Thought Leadership

Why Not Just Shove a Heatsink on Top of it? Part 3: Pads, Vias and Undersinking

By Robin Bornoff

An appreciation of heat flow paths is a pre-requisite for good thermal design. If you attempt to augment heat flow where there is none then your expectations are as futile as your design skills. The real value of simulation for me is that it enables an insight into the behaviour of a proposed design (this is true for simulation of any design and any behaviour). Once you understand the true physics of the behaviour you can then have the power to make specific enhancements with a high probability of success. With that in mind it is a little disheartening to see so much simulation using FloTHERM conducted simply to find out ‘if my electronics will get too hot’. Thermal verification has its place but that place should be behind the application of simulation for thermal design (or after, if you want to be chronologically pedantic).

Knowing that for the TO package the majority of the heat flow is going down into the PCB, regardless of whether a heatsink is plonked on top of it, let’s see if we can augment that heat flow by reducing the thermal resistance of the board. This can be done in two parts. Having the tab of the package sit on a large copper pad will spread the heat away from the package to a larger area of the board. Then, adding an array of through hole vias (for thermal purposes) under that pad will help get the heat to the spreading metallic planes within the board.

From a simulation perspective I’ve modelled the array of vias as a volume of the board with modified in plane and through plane thermal conductivity values, calculated from knowledge of the Cu/FR4 distribution within that volume. The key being that the thermal effect of the vias is to punch through the FR4, taking the through plane conductivity from 0.3 W/mK up to over 6 W/mK (depending on the number of vias in that area). Much simpler to define and solve, though sure, model the individual vias if you want. Good to know you have enough time to do that, does your boss know that as well?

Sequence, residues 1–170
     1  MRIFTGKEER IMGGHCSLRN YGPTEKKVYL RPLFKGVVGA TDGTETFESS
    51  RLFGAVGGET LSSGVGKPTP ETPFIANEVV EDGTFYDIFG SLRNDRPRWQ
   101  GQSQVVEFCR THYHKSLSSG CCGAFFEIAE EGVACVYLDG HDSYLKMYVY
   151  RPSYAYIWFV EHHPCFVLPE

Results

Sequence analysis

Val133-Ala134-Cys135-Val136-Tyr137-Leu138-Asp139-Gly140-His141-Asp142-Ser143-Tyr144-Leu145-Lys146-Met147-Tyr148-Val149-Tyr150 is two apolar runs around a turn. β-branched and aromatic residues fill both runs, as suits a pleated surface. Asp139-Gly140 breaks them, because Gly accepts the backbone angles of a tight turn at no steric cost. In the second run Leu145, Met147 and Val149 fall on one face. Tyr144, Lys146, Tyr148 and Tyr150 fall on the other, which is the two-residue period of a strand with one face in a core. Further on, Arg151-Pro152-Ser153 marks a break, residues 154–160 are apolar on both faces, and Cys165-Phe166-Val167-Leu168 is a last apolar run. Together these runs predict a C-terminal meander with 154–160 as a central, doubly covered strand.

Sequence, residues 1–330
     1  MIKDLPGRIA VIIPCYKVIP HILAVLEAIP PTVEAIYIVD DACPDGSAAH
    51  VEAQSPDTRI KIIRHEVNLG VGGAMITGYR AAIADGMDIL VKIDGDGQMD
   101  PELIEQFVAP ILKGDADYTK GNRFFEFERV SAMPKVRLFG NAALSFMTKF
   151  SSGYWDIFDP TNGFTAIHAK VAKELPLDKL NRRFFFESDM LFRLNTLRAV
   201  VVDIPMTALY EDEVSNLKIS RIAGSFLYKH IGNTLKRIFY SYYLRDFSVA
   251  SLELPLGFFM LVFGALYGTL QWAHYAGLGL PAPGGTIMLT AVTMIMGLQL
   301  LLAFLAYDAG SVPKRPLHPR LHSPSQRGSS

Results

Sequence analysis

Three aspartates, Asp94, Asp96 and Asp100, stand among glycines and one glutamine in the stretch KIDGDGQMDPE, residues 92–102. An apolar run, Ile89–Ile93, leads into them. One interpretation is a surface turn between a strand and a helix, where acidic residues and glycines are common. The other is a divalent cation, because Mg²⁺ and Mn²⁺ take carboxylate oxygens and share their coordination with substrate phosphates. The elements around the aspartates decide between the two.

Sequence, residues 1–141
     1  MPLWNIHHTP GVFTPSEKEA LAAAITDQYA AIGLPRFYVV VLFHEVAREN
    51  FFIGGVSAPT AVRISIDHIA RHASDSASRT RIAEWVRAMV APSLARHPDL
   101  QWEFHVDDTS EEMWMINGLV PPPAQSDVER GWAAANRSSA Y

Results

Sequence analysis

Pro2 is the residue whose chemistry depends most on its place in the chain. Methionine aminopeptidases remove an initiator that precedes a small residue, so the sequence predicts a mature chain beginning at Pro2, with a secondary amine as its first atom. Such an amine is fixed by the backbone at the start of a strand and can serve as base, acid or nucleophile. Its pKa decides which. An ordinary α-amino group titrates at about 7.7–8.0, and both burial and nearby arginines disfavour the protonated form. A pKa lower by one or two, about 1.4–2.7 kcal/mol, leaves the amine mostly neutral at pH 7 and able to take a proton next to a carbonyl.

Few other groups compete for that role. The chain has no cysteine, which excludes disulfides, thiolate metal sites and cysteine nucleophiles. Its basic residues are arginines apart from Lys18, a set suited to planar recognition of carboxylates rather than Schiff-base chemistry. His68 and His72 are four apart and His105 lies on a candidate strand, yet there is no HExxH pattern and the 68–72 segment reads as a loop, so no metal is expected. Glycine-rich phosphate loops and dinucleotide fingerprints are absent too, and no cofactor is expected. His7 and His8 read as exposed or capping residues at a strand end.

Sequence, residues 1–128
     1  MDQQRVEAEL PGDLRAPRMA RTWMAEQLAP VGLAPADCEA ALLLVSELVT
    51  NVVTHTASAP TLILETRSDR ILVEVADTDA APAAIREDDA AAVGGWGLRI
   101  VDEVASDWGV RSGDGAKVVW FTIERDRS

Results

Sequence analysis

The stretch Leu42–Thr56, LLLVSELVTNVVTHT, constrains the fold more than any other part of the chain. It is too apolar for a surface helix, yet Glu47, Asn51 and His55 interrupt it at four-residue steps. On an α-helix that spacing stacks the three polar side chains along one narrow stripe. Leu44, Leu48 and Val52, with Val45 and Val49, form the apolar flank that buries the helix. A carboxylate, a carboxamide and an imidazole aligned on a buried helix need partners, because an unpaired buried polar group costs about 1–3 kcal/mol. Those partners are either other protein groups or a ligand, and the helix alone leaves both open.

The result is that the temperature rise of the junction over ambient halves. Not bad. The additional spreading of the heat inside the PCB can be seen by looking at the heat flux vectors. You can see the heat bursting through the dielectric layers and spreading in the metallic layers. That get the heat to a wider surface are of the board, both on top and bottom faces, where the air can then whisk it away.

Why not go one step further? Now that the heat’s getting to the underside of the PCB let’s augment that heat flow path even more by putting our original heatsink on the underside of the board and see what happens?

The result is a further halving of the temperature rise. The use of simulation at the conceptual or architectural phase of a design process can lead to such radical improvements in the design. Later on in the process it’s much more difficult, even squeezing a few % extra drop out can be extremely difficult. The whole design has been detailed down, removing wriggle room and leaving simulation good for no more than our friend verification (“is it too hot?”).

A simulation based approach to obtain insights into design and design variants can save you time and money in finding a cost effective thermal solution. Without it there would have been the risk in this study of employing a very big, expensive and badly placed heatsink. As I’m sure must have been said by wife to husband a number of times: “it’s not what you’ve got, it’s how you use it that matters”.

5th July 2013, Ross-on-Wye.

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This article first appeared on the Siemens Digital Industries Software blog at